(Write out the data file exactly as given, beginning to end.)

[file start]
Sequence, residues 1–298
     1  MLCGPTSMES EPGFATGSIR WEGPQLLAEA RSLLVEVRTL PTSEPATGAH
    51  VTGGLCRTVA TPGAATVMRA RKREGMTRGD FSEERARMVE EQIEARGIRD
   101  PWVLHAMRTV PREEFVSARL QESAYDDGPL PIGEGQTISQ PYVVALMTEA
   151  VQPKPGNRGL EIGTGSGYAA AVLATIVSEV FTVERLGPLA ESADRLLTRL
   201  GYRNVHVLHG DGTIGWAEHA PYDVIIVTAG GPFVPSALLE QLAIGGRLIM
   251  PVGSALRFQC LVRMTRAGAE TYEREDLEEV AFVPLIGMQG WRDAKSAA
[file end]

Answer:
Sequence, residues 1–298
     1  MLCGPTSMES EPGFATGSIR WEGPQLLAEA RSLLVEVRTL PTSEPATGAH
    51  VTGGLCRTVA TPGAATVMRA RKREGMTRGD FSEERARMVE EQIEARGIRD
   101  PWVLHAMRTV PREEFVSARL QESAYDDGPL PIGEGQTISQ PYVVALMTEA
   151  VQPKPGNRGL EIGTGSGYAA AVLATIVSEV FTVERLGPLA ESADRLLTRL
   201  GYRNVHVLHG DGTIGWAEHA PYDVIIVTAG GPFVPSALLE QLAIGGRLIM
   251  PVGSALRFQC LVRMTRAGAE TYEREDLEEV AFVPLIGMQG WRDAKSAA